1982-11 November Classic Newsletter



In the 11 year history of the Wine of The Month Club, I have never made a wine scoop and buy as good as the one that came my way 20 days ago. In fact it was so good that I bumped a previously selected wine to accommodate it. I have followed this wine since its crush in 1975. In my opinion, it is a champion California Pinot Noir made in Burgundian style. The regular price is $19.50, when you can find it. The new marketing wing of the winery is trying to rescue the firm from the doldrums of their past. In return for acquainting members with their name, I drove a hard bargain for the wine that I knew was a champion and that I had been following. They reluctantly con¬sented to release some from their library for members only, and at a very special member discount of 52.5 % (reorders 53.9%). A word of caution. If you find the same wine in other vintages, for bargain prices, try it first. They are not the same. (Who said the year does not make any difference in California wines? Someday I will write about that).

Time for a German wine in our import spectrum. My selection was based on taste and value as usual, and this time a departure by looking at the proprie¬tary wines. (A wine that has been named by the maker and marketed exclusively by him or her). You will enjoy this one; it is many cuts above average.

Northern Italy was great. Spent 16 days of wine, pasta, more wine, pasta again, for lots of new experiences to write in the food and wine columns that will follow. "Basta" for now.

Wines evaluated last month: 177 Rejected: 145, Approved: 30, Selected: 2

PINOT NOIR. 1975. H.M.R.

I know Dr. Hoffman from our old Inglewood (CA) days. He was a well known cardiologist in the town, and at that time I owned a pharmacy a mile away and was the local apothecary. (late 50's & 60's).

In 1961, he purchased a 1200 acre almond and walnut ranch near Templeton and soon converted to grapes. Paso Robles needed a cardiologist, so he moved his medical practice, and set up his two sons in the wine business. As their mentor, he secured the services of the famous Andre Tchelistcheff, dean of California winemakers. The result was instant success at making good wines.

The Hoffman Mountain Ranch (HMR) is in the Santa Lucia Mountain Range. It has several microclimates and soil that is considered very ideal. Tchelistcheff refers to the area as a "jewel of ecological elements". Take these elements, add modern equipment, plus the guiding hand of the master, and you will get the likes of our wine this month. Like many wineries, HMR has had winners and losers among its wines. Recently, their marketing effort showed up with problems that they could not solve themselves. An investment group bought in and is showing good signs of reviving the company. I am pleased to see this, since I think the Hoffmans have a good foundation established.

The reason for featuring another California Pinot Noir this month after having shown you one in September is dual. First, the "scoop" I described on page 1 was a quirk, and only available row or never. Second, this one has classical "Burgundian" character that is rarely seen among domestic Pinot Noirs.(The "California" character for Pinot Noir varies and has its own spectrum, of which the September selection was an interesting part). It behooves you to compare these. It will be an education for your palate. Maybe later, you can compare it with genuine Burgundy of breed. (prepare your pocketbook!).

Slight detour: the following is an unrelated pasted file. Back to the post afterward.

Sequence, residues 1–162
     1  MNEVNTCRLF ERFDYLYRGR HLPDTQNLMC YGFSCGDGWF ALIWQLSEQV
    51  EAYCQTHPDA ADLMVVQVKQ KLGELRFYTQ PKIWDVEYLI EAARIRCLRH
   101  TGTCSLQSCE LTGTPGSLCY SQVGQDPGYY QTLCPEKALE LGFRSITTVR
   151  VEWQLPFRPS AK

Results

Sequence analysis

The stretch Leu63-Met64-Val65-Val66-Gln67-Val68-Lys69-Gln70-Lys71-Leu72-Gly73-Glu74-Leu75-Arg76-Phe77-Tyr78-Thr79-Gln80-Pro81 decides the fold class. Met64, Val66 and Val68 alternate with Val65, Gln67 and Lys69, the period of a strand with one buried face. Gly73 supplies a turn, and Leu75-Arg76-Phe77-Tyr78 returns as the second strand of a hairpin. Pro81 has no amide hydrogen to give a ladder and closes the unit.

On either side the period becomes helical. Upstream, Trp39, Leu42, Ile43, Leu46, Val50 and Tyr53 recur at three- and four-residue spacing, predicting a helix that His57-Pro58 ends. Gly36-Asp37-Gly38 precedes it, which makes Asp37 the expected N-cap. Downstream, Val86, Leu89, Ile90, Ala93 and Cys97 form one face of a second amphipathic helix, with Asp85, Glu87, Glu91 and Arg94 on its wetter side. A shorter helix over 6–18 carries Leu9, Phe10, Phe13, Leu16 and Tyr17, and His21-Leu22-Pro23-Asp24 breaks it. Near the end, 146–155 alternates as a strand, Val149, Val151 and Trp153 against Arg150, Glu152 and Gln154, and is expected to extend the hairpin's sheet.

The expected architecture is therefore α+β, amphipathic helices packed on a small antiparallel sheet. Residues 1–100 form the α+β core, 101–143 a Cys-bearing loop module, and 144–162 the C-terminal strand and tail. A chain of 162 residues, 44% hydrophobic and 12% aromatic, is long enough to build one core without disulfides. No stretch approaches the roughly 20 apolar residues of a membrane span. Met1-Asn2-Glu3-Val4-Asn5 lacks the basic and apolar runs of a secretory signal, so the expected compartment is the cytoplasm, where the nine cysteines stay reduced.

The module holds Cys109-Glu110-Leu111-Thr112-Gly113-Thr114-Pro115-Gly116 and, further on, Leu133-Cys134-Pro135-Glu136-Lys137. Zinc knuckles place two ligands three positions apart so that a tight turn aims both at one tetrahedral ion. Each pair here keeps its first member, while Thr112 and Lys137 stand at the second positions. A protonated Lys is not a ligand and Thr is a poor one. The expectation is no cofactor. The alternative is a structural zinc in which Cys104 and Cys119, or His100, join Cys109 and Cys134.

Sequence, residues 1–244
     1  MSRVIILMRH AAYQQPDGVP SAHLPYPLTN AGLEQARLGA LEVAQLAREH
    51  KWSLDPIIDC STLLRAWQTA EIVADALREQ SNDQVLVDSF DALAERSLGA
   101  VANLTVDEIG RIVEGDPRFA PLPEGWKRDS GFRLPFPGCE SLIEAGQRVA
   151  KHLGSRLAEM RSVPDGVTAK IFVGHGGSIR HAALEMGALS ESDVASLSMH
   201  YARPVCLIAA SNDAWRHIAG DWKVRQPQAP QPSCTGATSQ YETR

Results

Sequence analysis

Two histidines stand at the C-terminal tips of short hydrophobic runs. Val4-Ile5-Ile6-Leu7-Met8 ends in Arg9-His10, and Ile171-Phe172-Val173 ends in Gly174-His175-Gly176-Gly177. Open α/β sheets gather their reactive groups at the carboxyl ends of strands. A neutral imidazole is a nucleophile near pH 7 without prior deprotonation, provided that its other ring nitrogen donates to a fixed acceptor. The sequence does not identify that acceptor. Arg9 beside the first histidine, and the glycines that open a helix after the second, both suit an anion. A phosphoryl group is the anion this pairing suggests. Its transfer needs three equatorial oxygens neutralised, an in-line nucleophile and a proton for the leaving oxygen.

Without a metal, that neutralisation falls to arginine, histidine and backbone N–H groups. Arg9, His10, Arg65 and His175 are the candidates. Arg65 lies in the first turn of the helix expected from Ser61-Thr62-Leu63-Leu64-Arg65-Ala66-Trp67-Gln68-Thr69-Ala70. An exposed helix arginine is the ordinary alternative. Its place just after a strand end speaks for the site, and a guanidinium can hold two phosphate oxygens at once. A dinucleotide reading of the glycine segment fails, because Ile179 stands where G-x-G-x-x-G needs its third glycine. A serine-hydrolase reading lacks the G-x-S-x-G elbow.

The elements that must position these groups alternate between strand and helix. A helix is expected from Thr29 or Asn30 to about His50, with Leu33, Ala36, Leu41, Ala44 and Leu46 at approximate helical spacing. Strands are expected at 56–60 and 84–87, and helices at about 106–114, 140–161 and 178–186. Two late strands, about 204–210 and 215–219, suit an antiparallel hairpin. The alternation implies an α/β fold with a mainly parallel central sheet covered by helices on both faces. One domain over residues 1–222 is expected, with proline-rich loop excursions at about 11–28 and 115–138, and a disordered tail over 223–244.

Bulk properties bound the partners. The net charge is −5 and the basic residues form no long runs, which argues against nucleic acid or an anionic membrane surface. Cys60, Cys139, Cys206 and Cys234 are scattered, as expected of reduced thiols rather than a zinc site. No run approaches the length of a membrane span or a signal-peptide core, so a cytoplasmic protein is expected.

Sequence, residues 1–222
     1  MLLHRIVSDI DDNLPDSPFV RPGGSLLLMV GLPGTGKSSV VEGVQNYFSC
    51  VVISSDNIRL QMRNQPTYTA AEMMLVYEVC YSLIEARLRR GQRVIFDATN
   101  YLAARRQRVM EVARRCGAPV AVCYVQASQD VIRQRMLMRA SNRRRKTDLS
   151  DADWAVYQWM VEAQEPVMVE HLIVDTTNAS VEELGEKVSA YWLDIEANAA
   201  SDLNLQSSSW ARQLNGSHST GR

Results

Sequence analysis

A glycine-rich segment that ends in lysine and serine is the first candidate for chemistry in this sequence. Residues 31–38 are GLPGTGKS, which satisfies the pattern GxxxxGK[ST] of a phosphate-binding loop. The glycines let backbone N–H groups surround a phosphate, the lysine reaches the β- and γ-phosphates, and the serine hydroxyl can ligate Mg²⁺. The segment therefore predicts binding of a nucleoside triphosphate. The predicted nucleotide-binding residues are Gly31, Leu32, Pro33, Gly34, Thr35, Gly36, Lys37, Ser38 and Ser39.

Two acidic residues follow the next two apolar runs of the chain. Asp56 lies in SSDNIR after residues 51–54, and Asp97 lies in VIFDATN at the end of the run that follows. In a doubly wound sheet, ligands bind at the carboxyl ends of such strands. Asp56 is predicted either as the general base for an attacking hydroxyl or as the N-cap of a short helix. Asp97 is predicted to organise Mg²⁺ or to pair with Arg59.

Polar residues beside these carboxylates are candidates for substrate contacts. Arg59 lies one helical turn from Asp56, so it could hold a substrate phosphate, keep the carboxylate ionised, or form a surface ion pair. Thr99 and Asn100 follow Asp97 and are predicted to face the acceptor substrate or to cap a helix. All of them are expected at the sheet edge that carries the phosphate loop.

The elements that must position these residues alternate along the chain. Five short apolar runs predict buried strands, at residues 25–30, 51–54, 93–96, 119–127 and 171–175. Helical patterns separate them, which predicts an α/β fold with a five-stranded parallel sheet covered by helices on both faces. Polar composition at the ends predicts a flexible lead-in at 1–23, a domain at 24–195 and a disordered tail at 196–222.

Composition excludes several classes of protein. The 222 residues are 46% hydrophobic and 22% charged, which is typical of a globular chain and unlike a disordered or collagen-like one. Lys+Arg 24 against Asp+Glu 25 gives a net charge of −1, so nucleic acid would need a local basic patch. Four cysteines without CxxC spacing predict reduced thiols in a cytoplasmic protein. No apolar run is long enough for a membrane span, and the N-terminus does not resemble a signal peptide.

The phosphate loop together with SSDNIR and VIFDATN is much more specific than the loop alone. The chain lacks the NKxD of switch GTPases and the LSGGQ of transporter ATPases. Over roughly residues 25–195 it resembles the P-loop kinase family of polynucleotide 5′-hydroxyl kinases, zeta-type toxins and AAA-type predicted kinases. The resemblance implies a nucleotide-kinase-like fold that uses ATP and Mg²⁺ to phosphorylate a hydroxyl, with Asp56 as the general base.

The wine is garnet red, with browning edges. It has a fragrant, perfumy bouquet, with the very essence of an aged Pinot Noir varietal character. The aroma is penetrating. The taste shows a full body, glyceriny and velvety. It is dry and well balanced. Some tannin still. Clear varietal character which lingers in the mouth. Serve at room temperature with roast lamb, pork, or beef. Cellaring Notes: Will mellow and develop complexities for 5 to 10 years. Put some away at this price.

Regular Price: $ 19.50/750m1. Special Club Scoop Price: $ 9.27/750m1. Member Reorder Price: $108.00/case: $ 9.00/750m1.

Wine Gifts for the Holidays

Gifts from $15 to $180


Gift No. 1
The two current Cellarmaster Wine of the Month Club selections. $15.00 + 0.90 tax + shipping ($2 Bakersfield & So. - $2.75 No. of Bakersfield)

Four2-bottle Cellannaster Wine of the Month Club selections. Month- ly for 4 months - Gift No. 4. Quar- terly for a year - Gift No. 4Q. $60.00 + 3.60 tax + $8 shipping

Gift No. 2
A six-bottle assortment—recent Wine of the Month Club selections. $42.00 + 2.52 tax + shipping ($4.40 Bakersfield & So. - $7 No. of Bakersfield)

Six two-bottle. Cellarmaster Wine of the Month Club selections — Gift No. S - 6 monthly gifts or Gift No. 5B - every other month. $90.00 +5.40 tax +$12 shipping

Gift No. 3
A 12-bottle assortment of recent Cellarmaster Wine of the Month Club selections. $85.00 + 5.10 tax + shipping ($7 Bakersfield & South $9.50 North of Bakersfield)

A one-year Cellarmaster Wine of the Month Club membership... twelve two-bottle wine selections. $180.00 + 10.80 tax + $24 shipping



with Salads!

Yes, the exclamation mark is necessary. 1 Everybody says "... no wine with salad". I say "Hold it,... try it with some; you will be surprised." I might be disinherited from the Wine and Food Writers Guild for this, but I'll stand by my convictions.

Let's look at the problem. It is the vinegar or lemon juice in most salad dressings that is the offending ingredient. The herbs and spices do not help either. Take vinegar, it is what wine spoils to, so naturally you do not want that taste sensation in any concentra¬tion with your wine. The lemon juice is similar in a way, because it is acidic and will augment the acid in the wine to give it a sour sensation. The herbs and spices are domi¬nant and potent flavors that can mask the delicate wine.

So what do we do? Naturally we follow the rule when any of the above ingredients are obvious in the dressing. A delicious tangy, spicy. dressing is something to enjoy for itself. The ingredients in the salad that is embellished by the dressing have additional influence on the decision of wine or no wine. If this type of dressing dominates the salad, then by all means...no wine. If the dressing is "once over lightly" and the ingredients are distinct in flavor of them¬selves, then I find you can consider wine. You must look at the main ingredients, the wine that is suitable for it, and maybe try a taste. You will soon know whether to abandon the concept of wine or make a more suitable selection. I recently had a cold beef salad for lunch, with an excellent basic french dressing that was applied lightly, along with crusty French rolls. A young California Ridge Vineyards Zinfandel was just the wine.